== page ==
I wish Blogger gave Helvetica as an option so I can write this review of Gary Hustwit's documentary, Helvetica, using that typeface. I'm surprised it's not an option since it is so ubiquitous, and it is Helvetica's omnipresence that Hustwit dissects in this documentary. Helvetica is everywhere even if you don't realize that the typeface you're looking at is Helvetica--American Airlines, Crate & Barrel, American Apparel, Target, Staples, and countless more--all use Helvetica. The film charts Helvetica's fifty year history, from a Swiss font and a favorite typeface of Modernist designers to its rejection by Post-Modernists to its modern day resurgence as designers reinterpret the uses of the font.
To do so, Hustwit interviews quite a few designers, who I assume are legends in the field, and they discuss their relationship to Helvetica. Some embrace it as a versatile font that suggests sober efficiency when used one way and cool stylishness when used another. Think of its usage on IRS tax forms and subway signs and then compare it to, say, an American Apparel ad or some art poster. Others, though, mostly designers who came of age during the Vietnam era, view Helvetica as a "corporate" font, a typeface devoid of identity and meaning. They point to the fact that corporations overwhelmingly use Helvetica as proof that it's fascist and needs to be overthrown. One designer only half-jokingly correlates the use of Helvetica to sponsoring the Vietnam War. Then Helvetica comes roaring back as designers find ways to give it new connotations and uses. And with more self-taught designers, it has again become ubiquitous. The thesis of the film is that Helvetica may well be the perfect font. It is simple, clean, and versatile. Even those who hate it do so because of its usefulness.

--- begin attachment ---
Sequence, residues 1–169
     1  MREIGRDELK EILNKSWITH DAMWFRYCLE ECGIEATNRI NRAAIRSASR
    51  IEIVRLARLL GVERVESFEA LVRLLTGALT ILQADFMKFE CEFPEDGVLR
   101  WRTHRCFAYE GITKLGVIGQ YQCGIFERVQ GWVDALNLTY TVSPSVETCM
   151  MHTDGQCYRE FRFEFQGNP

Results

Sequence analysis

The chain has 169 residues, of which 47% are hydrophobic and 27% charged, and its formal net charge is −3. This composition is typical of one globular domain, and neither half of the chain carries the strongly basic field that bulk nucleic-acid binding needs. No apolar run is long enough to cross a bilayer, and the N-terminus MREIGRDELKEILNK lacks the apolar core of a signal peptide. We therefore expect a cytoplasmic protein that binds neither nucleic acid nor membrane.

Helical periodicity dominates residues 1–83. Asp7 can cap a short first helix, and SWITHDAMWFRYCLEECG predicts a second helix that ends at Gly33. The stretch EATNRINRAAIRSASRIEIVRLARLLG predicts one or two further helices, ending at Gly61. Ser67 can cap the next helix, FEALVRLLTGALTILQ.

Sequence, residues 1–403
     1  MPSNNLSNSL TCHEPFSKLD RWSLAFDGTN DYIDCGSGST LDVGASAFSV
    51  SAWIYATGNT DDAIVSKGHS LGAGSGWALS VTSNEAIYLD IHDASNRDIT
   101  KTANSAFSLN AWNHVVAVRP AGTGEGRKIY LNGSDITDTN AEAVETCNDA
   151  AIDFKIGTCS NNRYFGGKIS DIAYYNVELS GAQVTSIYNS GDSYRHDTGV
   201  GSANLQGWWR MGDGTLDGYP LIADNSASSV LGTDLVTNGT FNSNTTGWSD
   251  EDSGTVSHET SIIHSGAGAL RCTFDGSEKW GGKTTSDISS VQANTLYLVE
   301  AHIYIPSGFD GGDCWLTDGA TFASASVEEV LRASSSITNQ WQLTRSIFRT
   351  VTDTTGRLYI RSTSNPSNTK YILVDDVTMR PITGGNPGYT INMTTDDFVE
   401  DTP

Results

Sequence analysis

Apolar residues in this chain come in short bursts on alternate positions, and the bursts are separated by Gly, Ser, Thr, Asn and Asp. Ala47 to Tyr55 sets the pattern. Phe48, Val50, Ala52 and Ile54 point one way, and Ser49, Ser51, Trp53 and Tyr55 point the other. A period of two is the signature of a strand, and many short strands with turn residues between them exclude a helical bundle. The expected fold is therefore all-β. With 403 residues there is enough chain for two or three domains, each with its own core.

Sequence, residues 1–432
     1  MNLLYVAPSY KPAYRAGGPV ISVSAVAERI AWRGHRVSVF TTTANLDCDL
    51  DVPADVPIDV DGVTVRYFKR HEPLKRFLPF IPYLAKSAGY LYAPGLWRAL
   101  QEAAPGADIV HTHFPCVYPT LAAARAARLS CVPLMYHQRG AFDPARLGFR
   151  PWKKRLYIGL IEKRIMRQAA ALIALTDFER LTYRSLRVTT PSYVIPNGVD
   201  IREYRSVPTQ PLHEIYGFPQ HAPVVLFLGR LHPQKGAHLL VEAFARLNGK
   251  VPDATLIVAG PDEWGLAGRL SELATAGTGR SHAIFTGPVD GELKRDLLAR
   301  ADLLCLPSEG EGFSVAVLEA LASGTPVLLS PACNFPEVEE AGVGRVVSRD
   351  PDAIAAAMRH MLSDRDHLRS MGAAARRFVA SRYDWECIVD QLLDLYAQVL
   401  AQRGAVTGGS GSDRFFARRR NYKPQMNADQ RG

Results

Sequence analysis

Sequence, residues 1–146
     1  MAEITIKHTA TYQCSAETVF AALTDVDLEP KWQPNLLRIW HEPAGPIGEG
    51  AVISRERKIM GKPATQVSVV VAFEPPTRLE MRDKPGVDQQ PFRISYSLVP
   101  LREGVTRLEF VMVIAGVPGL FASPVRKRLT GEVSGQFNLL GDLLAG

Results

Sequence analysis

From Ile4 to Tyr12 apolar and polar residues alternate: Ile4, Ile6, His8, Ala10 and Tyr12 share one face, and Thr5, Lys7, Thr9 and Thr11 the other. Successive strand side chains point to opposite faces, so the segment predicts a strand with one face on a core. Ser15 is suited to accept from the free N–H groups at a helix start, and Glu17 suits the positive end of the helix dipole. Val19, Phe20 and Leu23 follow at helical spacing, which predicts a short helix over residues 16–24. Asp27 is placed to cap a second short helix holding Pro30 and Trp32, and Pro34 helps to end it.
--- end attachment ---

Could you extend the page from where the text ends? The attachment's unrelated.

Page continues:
Helvetica is a very enlightening film and it's fascinating to realize that things we barely give any thought to really convey a lot, that the visual medium is so strong, prevalent and effective that a quick glance is enough to send us a message. Signs, signs, everywhere a sign! The film stretches itself to be a movie, though, and at times its editing style borrows too much from the essence of its subject--too cool and placid. Still, it's an interesting topic and I can't wait for the sequel. Times New Roman? Comic Sans?
Tuesday, March 09, 2010
After two months in my possession I finally got around to watching Arnaud Desplechin's "Kings and Queen." Finally! Was it worth the wait? Yes, but its rewards are something the viewer has to work to earn.
There is usually a point while watching a highly acclaimed foreign film that I have to remind myself that I'm supposed to like the movie. "This is good," I tell myself, "you have to like it." More often than not I do like the movie, but other times I'm just bewildered and made to feel like I somehow missed the point stupid American that I am. This internal dialogue occurred early on during the two-and-a-half hour running time of "Kings and Queen." What exactly was the point of these two parallel stories? We have Nora's story, a seemingly glamorous and luminous woman, who discovers that her father is dying, and we have Ismael, Nora's ex, who is confined against his will in a psychiatric hospital. Nora's story is all pathos, while Ismael's is madcap. We assume that Nora is our heroine, whose fortunes we are meant to care about, while Ismael is the character we find entertaining but ultimately dismiss as trifling. Eventually we'll see the two confront each other and we expect Nora to be triumphant.